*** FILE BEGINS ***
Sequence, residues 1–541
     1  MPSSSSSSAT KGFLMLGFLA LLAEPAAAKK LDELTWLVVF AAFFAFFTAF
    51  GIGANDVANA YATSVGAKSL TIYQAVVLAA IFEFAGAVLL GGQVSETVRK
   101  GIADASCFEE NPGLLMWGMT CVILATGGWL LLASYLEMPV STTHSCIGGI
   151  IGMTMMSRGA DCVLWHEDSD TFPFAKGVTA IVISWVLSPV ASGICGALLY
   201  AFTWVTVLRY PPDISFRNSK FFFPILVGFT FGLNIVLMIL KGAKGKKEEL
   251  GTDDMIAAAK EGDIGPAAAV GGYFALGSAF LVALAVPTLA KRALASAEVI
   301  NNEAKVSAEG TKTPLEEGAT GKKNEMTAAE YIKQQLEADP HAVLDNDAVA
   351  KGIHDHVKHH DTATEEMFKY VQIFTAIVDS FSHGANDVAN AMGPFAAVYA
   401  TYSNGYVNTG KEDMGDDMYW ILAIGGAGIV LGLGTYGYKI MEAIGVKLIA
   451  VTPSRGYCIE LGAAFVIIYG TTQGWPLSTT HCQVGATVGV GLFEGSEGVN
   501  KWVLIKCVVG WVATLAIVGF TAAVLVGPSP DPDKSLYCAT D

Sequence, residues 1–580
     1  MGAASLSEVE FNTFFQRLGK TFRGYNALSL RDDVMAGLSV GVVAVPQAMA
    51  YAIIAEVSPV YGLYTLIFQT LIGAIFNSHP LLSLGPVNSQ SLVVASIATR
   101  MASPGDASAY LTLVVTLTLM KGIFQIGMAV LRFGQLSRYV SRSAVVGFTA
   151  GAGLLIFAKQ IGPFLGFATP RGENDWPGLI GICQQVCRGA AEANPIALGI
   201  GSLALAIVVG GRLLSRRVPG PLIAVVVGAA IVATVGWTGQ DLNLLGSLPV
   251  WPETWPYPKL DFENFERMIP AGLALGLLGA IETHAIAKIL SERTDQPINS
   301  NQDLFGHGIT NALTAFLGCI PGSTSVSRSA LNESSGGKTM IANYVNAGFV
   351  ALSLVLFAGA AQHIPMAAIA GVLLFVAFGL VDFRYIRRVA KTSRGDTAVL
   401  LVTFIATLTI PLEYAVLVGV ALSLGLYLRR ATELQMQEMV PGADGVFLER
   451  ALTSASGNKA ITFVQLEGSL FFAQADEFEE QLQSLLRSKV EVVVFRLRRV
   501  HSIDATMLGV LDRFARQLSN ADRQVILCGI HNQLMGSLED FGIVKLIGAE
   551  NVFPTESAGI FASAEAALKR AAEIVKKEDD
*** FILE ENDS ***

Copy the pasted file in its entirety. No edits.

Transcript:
Sequence, residues 1–541
     1  MPSSSSSSAT KGFLMLGFLA LLAEPAAAKK LDELTWLVVF AAFFAFFTAF
    51  GIGANDVANA YATSVGAKSL TIYQAVVLAA IFEFAGAVLL GGQVSETVRK
   101  GIADASCFEE NPGLLMWGMT CVILATGGWL LLASYLEMPV STTHSCIGGI
   151  IGMTMMSRGA DCVLWHEDSD TFPFAKGVTA IVISWVLSPV ASGICGALLY
   201  AFTWVTVLRY PPDISFRNSK FFFPILVGFT FGLNIVLMIL KGAKGKKEEL
   251  GTDDMIAAAK EGDIGPAAAV GGYFALGSAF LVALAVPTLA KRALASAEVI
   301  NNEAKVSAEG TKTPLEEGAT GKKNEMTAAE YIKQQLEADP HAVLDNDAVA
   351  KGIHDHVKHH DTATEEMFKY VQIFTAIVDS FSHGANDVAN AMGPFAAVYA
   401  TYSNGYVNTG KEDMGDDMYW ILAIGGAGIV LGLGTYGYKI MEAIGVKLIA
   451  VTPSRGYCIE LGAAFVIIYG TTQGWPLSTT HCQVGATVGV GLFEGSEGVN
   501  KWVLIKCVVG WVATLAIVGF TAAVLVGPSP DPDKSLYCAT D

Sequence, residues 1–580
     1  MGAASLSEVE FNTFFQRLGK TFRGYNALSL RDDVMAGLSV GVVAVPQAMA
    51  YAIIAEVSPV YGLYTLIFQT LIGAIFNSHP LLSLGPVNSQ SLVVASIATR
   101  MASPGDASAY LTLVVTLTLM KGIFQIGMAV LRFGQLSRYV SRSAVVGFTA
   151  GAGLLIFAKQ IGPFLGFATP RGENDWPGLI GICQQVCRGA AEANPIALGI
   201  GSLALAIVVG GRLLSRRVPG PLIAVVVGAA IVATVGWTGQ DLNLLGSLPV
   251  WPETWPYPKL DFENFERMIP AGLALGLLGA IETHAIAKIL SERTDQPINS
   301  NQDLFGHGIT NALTAFLGCI PGSTSVSRSA LNESSGGKTM IANYVNAGFV
   351  ALSLVLFAGA AQHIPMAAIA GVLLFVAFGL VDFRYIRRVA KTSRGDTAVL
   401  LVTFIATLTI PLEYAVLVGV ALSLGLYLRR ATELQMQEMV PGADGVFLER
   451  ALTSASGNKA ITFVQLEGSL FFAQADEFEE QLQSLLRSKV EVVVFRLRRV
   501  HSIDATMLGV LDRFARQLSN ADRQVILCGI HNQLMGSLED FGIVKLIGAE
   551  NVFPTESAGI FASAEAALKR AAEIVKKEDD